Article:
‘A must-read book for all those seeking to understand the critical role of armies in the rise and fall of states in the Arab world and the critical role that they have played historically and since the uprisings of 2011, written by one of the leading experts on the subject,’ writes Paul Salem, Vice President for Policy and Research, the Middle East Institute, Washington DC.
Florence Gaub is a senior analyst at the European Union Institute for Security Studies, where she heads the Middle East programme. Her research focuses on conflict, war and armed forces in the Arab world.
Revolution and Authoritarianism in North Africa
Hurst Publishers (2014), Rs4,004
This book offers a much-needed corrective to dominant approaches to understanding political causality during episodes of intense social mobilisation in North Africa. Drawing on analyses of routine governance and of ‘revolutionary’ mobilisation in four countries of the Maghreb — Morocco, Algeria, Tunisia and Libya — before, during and after the 2011 uprisings, Volpi explains the different trajectories of these uprisings by showing how specific acts of protest created new arenas of contention that provided actors with new rationales, practices and, ultimately, identities.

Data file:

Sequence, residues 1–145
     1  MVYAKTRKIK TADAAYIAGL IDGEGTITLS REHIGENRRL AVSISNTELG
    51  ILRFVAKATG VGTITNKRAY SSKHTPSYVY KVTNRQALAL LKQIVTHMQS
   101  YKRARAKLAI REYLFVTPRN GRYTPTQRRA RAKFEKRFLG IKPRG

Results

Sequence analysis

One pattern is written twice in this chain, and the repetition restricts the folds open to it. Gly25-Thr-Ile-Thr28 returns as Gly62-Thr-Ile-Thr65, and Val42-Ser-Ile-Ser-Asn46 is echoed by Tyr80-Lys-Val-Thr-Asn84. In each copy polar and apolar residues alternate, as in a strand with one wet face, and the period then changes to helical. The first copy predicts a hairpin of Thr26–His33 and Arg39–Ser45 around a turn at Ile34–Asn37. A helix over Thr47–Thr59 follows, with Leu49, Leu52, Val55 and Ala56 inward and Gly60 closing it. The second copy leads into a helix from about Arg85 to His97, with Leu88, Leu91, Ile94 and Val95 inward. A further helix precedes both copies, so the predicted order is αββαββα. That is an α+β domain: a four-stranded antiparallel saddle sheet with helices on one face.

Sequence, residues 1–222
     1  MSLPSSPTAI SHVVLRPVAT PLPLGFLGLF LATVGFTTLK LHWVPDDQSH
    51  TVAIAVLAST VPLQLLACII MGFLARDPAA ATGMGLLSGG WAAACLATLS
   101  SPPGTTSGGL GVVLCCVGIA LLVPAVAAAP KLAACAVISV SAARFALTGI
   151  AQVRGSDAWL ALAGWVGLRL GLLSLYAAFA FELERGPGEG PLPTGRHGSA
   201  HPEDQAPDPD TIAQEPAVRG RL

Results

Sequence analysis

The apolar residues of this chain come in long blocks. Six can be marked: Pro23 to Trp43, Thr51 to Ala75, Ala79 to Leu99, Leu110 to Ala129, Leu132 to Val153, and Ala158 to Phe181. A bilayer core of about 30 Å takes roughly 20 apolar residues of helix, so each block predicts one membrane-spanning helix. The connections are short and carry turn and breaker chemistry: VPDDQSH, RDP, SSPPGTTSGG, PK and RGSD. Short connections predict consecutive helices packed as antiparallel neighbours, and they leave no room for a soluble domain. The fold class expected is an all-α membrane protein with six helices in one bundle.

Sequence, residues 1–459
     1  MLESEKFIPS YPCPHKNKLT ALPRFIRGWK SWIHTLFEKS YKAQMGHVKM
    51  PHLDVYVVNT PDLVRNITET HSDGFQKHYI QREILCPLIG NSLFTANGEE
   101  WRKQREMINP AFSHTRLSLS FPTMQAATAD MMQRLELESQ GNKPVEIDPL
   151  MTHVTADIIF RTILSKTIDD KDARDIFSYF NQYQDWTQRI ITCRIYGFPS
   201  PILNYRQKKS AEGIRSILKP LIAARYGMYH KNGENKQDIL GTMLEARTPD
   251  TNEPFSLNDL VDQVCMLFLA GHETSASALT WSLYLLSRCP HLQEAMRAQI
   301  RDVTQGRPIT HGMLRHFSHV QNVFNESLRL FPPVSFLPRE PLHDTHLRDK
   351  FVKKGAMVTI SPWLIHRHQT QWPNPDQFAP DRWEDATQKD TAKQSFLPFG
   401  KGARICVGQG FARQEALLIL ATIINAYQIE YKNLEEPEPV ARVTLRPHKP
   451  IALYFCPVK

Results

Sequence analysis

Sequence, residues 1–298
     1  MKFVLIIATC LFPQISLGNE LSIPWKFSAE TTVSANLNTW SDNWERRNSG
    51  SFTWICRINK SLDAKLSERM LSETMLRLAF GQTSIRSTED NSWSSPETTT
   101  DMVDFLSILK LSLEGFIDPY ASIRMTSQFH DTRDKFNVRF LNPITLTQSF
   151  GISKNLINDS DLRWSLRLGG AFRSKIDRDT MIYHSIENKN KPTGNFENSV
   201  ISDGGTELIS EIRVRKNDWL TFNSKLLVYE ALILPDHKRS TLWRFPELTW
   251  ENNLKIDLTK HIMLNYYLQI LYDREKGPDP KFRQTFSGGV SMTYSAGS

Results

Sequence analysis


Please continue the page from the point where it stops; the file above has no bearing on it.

The book illustrates how the dynamics of revolutionary episodes are characterised by the social and political de-institutionalisation of routine mechanisms of (authoritarian) governance. It also details how post-uprising re-institutionalisation and/or conflict are shaped by reconstructed understandings of the uprisings by actors, who are themselves partially the products of these episodes of phenomena.
‘Revolution and Authoritarianism looks beyond the deterministic approaches that have characterised studies of the Arab Spring and offers a much more nuanced set of explanations for the way in which events in North Africa have occurred and developed. Theoretically sophisticated and empirically well grounded, this is a genuine must-read for all those interested in the politics of the Arab Spring,’ writes Francesco Cavatorta, Associate Professor, Department of Political Science, Université Laval in Quebec, Canada, in his review.
Frédéric Volpi is Senior Lecturer in International Politics in the School of International Relations at the University of St Andrews. He is the author of Political Islam Observed, and has written for the Journal of Democracy, the Middle East Journal, Democratization, and International Studies Review, among others.
The Watchdog That Didn’t Bark: The Financial Crisis and the Disappearance of Investigative Journalism